The Pet Examiner
By Grif Haber, D.V.M. 

     I would venture to wager that most (both) of my loyal readers are unaware that the practice of Small Animal Medicine is in fact a very seasonal business.  We vets are very busy in the summer and less busy in the winter.  "But why?" you might inquire.  Okay, I'll tell you both. 


     Summer, bless its little heart, is the season for allergies, fleas, ticks, nice green delicious grass to eat and vomit, outdoor barbecues with table scraps to upset stomachs, summer haircuts, and family vacations that don't include ALL of the family.   

     Summer is also the season of LOVE for my kitty patients.  Did either of you know that cats almost always have their litters of kittens from spring through fall?  Did you know that the amount of DAYLIGHT to which girl cats are exposed regulates their heat cycle?  Yep.  There is a very small gland in their brain called the pineal gland, which is in charge of all that stuff.  So, when the days get longer, little girl kitties come into heat, making little boy kitties very happy.  Interesting, huh?  Wait until you hear this!  The Pineal gland also regulates when CHICKENS LAY EGGS! 

     "Please don't stop!  Tell us more!" 


     In order to convince his chickens to lay eggs all year around, the crafty chicken farmer will adjust the lights in the hen house so that it is summer all year!  Those of you who have actually never had the opportunity to know a chicken on a personal level might not realize that there are very few chickens in the field of brain surgery.  Though a few of the "slower learning chickens" do drop out of medical school, and some have been elected to serve in the Tennessee House of Representatives.  Folks, it's not that hard to fool a chicken, and that's why we have plenty of Grade A Extra Large ones to eat even in February. 



     A few weeks ago I made one of my infrequent journeys out of my exam room to the far end of our reception desk and noticed the cute little display given to us by our Hills Prescription Diet representative.  The display is intended to illustrate the benefits of a new diet designed to improve the brain function of my senior pooch patients suffering from Canine Cognitive Disease (senility).  On the display there are two small dog brains which are made of a soft spongy material not unlike that meat-like something always served at banquets and weddings.  One brain is normal size, the other is obviously shrunken. 

     (Note to the associate who attached the "Dr. Haber" label to the shrunken sponge brain: I know who you are, and I'm coming for you.) 

     The diet is called B/d (brain diet, get it?).  It is a blend of antioxidants and other nutrients including vitamins E, and C, L-Carnitine, Lipoic Acid and DHA and EPA fatty acids.  Hills says it helps fight the signs of brain aging and age-related behavioral changes and can improve the learning ability of older dogs. 

     It seems that the diet has caused some noticeable improvement in some of my senior patients and I am thinking about eating it myself.  My wife tells me that the bagel and veggie spread diet that I eat for lunch every day doesn't seem to be keeping my brain from shrinking.  My wife is usually right.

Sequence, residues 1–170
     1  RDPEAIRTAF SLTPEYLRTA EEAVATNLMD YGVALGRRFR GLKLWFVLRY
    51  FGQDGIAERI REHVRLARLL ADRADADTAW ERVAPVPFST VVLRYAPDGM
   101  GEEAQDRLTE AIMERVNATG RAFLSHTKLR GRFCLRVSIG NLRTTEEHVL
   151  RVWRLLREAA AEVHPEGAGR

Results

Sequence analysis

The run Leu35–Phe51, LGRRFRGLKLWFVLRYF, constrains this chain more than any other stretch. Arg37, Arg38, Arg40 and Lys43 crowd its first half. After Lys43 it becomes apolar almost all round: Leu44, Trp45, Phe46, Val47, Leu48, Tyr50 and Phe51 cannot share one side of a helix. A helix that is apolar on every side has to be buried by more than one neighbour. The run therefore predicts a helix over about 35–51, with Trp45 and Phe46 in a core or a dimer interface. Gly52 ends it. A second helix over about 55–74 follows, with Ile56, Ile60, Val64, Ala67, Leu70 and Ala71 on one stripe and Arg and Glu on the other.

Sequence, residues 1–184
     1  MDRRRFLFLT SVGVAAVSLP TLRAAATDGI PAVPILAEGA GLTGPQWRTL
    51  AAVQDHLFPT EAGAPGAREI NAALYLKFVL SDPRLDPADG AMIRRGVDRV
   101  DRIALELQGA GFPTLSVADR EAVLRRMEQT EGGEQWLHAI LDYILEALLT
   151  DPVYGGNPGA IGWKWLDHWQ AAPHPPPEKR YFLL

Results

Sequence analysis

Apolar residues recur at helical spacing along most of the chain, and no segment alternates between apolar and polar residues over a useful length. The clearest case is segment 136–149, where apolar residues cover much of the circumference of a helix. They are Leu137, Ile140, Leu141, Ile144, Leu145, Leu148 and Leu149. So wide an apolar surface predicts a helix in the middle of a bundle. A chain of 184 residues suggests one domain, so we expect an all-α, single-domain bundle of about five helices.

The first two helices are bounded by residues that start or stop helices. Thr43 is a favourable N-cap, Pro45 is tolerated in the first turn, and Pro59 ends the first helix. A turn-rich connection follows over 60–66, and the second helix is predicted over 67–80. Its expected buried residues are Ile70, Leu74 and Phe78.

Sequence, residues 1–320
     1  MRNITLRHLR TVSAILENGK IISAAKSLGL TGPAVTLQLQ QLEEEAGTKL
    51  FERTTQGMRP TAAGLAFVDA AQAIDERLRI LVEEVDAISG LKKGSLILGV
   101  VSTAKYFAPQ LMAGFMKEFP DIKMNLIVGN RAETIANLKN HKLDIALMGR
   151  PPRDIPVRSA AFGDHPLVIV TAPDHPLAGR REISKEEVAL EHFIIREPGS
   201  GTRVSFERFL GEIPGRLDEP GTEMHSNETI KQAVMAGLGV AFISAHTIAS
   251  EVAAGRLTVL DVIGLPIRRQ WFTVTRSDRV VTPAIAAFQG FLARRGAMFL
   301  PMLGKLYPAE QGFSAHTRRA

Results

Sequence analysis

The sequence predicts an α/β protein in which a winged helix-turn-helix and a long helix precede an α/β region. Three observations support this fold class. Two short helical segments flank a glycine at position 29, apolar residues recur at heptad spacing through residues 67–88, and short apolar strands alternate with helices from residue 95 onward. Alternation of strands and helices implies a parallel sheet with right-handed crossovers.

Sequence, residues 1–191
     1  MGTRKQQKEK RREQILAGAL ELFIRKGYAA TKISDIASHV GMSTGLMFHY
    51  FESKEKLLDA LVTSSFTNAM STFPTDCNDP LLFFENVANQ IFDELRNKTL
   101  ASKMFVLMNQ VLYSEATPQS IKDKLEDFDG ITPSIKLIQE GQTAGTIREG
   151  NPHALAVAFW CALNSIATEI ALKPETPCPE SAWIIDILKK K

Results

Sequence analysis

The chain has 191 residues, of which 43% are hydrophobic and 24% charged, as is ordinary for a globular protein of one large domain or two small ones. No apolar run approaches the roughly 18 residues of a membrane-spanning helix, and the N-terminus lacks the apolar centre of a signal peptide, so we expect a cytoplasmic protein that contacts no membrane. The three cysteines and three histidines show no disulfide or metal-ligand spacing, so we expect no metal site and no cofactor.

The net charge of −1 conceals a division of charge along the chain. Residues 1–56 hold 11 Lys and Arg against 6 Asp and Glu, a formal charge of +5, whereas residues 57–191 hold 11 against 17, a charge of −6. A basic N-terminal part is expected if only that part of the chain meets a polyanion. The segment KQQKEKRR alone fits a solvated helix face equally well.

Those of you who take your pets to veterinarians have undoubtedly noticed that the posterior end of your pet is of special interest to its doctor, especially that particular orifice directly under Poochie's or Fluff's tail.  You know the one.  It's usually the first place we vets home in on.  There's fingers and things going in, there's unmentionable stuff coming out, there's squeezing going on, there's smells that, eons ago, rendered extinct entire species of giant reptiles.  That place is busier than the Coliseum on a crisp Sunday afternoon in October. 

     The fact is there's just tons of information that your pet's doctor is able to gather, so to speak, from that part of your pet's body.  We can tell if there are evil parasites lurking somewhere in your pet.  We can tell if there are pathogenic bacteria making it sick, or if your pet's liver or pancreas isn't functioning properly. 

     In my opinion, vets should just come right out and say it.  "We love poopers!"

     There I said it. 

     As a matter of fact, due both to the invention of the inexpensive pocket calculator, and the fact that I'm not eating B/d and my brain is shrunken, I have calculated approximately how much time I have spent in the immediate vicinity of cat and dog poopers during the thirty-year course of my veterinary career.  This is the point in the column where I'm sure my children are groaning, "Dad, you're pathetic."  Regardless, here is the way it computes. 

     I estimate that I examine, on average, twenty posteriors a day, for say, six seconds per posterior. This is not a place where you want to hang out too long.  That's two minutes a day, five days a week or ten minutes a week.  That tallies right at 520 minutes a year, multiplied by thirty years equals 15,600 minutes or 260 hours.  Put in work weeks, that equals a grand total of SIX AND A HALF WEEKS of my life spent in or about a dog or cat rectum. 

     Some cynics might say that I would have enjoyed myself more, perhaps, if I had spent those six and a half weeks lying on a breezy beach somewhere in the Caribbean, under a swaying palm, drinking a frozen fruity beverage decorated by a colorful paper umbrella.  Perhaps they would ask that, if it were possible, would I trade back those weeks in time for that lounge chair by the ocean? 

     No, I would not.  Not a chance. 

     That's my story and I'm sticking to it.